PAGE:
Some female producers demand sex from actors for roles —Olushola Michaels
Movie producer, Olusola Micheals, is gradually making a name for himself in the industry. In this interview with Segun Adebayo, he speaks on life in the United Kingdom, lack of structure in the industry and the way forward.
You didn’t start out as movie maker or actor. At what point did you decide to get into the theatre world?
The truth is I have always had an eye for the creative industry. Looking at it from the perspective of an entrepreneur that I am, I came in for the unlimited opportunities therein. My foray into the industry is more of business than the attention.
From business entrepreneur to the movie industry, how would you describe the experience so far?
It has not been easy so far based on the fact that things don’t really look as they seem. I am however not discouraged. With my experience as a businessman, I have grown to develop a thick skin towards investment and patience on return. I have shot some movies which are at post production stage, while I have bigger movie plans for the coming year. When the movies get released, we will then know the market reality exactly.
What can you say has been the bane of quality movie production in Nigeria?
Studying in the UK has exposed me a lot to how things are meant to be done. I however think the major challenge here in Nigeria is lack of attention to details. Filmmaking is about details. When details are lost, the essence of filmmaking is defeated already. If you are telling a story, endeavour to be more real about what it hopes to represent.
You are the founder of Ivy League Productions and you have produced a number of movies, what was the attraction?
I am not in the business of filmmaking to count numbers of movies done, I am rather here to focus more on the quality of projects executed under the umbrella of my production company. I am more concerned with brand growth and how the outer world perceive us as a filmmaking company. The main attraction for me is to take our local products to the global market by properly packaging them to suit global market standards.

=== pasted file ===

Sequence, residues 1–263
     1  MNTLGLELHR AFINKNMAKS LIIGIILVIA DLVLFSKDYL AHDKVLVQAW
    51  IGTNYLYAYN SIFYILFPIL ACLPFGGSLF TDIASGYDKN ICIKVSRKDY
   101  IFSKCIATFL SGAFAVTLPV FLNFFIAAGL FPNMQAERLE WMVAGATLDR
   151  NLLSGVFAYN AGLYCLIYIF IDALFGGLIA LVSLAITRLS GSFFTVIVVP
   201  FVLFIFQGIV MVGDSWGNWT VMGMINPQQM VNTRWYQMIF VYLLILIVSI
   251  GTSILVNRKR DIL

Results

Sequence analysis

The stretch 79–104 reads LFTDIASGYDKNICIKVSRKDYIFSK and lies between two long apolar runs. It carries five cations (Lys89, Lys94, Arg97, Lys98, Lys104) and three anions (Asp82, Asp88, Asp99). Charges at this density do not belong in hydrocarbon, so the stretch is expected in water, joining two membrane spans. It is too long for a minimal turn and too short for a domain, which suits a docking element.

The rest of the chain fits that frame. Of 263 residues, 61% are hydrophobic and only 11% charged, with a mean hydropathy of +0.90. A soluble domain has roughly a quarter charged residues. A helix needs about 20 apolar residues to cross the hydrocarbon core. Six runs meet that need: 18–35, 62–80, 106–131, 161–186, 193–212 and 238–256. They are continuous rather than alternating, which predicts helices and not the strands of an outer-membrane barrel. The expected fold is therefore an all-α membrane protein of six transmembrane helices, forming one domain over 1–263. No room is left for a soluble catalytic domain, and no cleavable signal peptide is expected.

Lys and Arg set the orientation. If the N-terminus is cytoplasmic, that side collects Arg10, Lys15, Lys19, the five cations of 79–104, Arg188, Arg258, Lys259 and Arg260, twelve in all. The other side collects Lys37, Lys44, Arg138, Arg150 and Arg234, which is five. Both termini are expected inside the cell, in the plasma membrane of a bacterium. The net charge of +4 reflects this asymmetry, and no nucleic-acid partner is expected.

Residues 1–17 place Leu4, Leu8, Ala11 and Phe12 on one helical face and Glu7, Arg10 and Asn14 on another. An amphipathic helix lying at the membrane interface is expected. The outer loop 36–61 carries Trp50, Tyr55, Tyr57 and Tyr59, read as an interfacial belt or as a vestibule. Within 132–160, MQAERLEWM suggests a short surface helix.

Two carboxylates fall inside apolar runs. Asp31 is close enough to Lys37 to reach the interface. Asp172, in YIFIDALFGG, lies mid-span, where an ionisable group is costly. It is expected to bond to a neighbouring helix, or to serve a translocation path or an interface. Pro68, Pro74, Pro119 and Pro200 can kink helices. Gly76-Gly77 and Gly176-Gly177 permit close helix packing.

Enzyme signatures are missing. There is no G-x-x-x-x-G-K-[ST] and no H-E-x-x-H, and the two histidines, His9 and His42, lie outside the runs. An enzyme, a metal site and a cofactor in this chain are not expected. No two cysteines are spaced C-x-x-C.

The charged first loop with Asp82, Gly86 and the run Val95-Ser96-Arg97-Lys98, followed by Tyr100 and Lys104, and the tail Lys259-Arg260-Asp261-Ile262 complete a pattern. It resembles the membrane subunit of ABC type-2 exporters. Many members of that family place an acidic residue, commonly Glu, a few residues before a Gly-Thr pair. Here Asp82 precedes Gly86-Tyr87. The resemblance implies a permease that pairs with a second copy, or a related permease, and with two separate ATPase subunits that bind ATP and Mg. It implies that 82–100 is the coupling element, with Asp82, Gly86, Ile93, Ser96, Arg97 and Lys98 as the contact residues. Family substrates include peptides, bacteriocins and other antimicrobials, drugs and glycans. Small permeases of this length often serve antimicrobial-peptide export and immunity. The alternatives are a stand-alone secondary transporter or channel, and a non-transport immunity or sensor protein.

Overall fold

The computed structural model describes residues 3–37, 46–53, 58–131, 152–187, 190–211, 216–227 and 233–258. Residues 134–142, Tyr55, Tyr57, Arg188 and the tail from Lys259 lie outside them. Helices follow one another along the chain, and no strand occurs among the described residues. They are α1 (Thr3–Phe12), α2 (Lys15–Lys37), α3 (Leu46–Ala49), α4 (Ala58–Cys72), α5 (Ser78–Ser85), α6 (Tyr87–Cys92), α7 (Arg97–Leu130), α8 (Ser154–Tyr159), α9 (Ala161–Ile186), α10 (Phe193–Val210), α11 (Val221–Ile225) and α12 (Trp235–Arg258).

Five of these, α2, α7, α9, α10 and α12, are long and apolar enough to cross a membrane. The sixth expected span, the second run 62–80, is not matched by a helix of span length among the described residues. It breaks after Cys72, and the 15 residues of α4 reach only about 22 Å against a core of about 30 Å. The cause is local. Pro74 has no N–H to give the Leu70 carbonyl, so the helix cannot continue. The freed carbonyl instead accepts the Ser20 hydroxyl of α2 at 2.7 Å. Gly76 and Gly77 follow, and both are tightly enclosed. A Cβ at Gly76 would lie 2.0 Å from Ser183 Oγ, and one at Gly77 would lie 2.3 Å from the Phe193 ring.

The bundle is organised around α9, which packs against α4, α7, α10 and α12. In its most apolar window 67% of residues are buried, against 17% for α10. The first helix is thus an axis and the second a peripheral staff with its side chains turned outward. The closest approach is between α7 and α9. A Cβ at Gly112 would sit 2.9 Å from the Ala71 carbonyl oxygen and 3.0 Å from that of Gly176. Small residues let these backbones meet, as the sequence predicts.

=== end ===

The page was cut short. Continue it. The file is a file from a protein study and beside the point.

Making movies has become a simple trade that everybody now calls himself a producer even without the prerequisite or technical know-how. What does this portend for the industry?
This actually takes us back to the question of training and certification. We should be reminded that all aspects of filmmaking have their respective peculiarities. So for one to thrive in their different departments, one is expected to be properly equipped with knowledge and character to practice successfully.
How do you cope with being an actor, producer and even a director? Isn’t that too much for you to handle?
Having the ability to multi-task is about strength and individual capacity. But for now, I am more of a producer and actor. I leave directing and production management to more experienced hands. This is to enable me see things from other angles. It is about learning and relearning.
How committed are you to seeing Yoruba movie industry grow and live up to its expectations?
Aside setting out to make money from filmmaking as a businessman that I am, another major factor that interests me about Yoruba filmmaking is to join the push of our creative materials further for global consumption. I have lived in the UK and UAE, so I am apparently aware of how Yoruba movies are appealing to people outside Nigeria. I am so passionate about taking Yoruba movies to the next level by always consulting good hands and minds.
Why does it seem like most Yoruba movie producers prefer the old traditional way of marketing their movies as against taking such movies to cinemas?
This actually has a lot to do with budget. Shooting a cinema project is expensive, and of course doing PR push for cinema movie is not a child’s play. What I can only recommend is that Yoruba filmmakers should open themselves more for collaborations or partnership with cinema companies or movie investors.
Some say movie-making is not a lucrative job. Do you believe in that?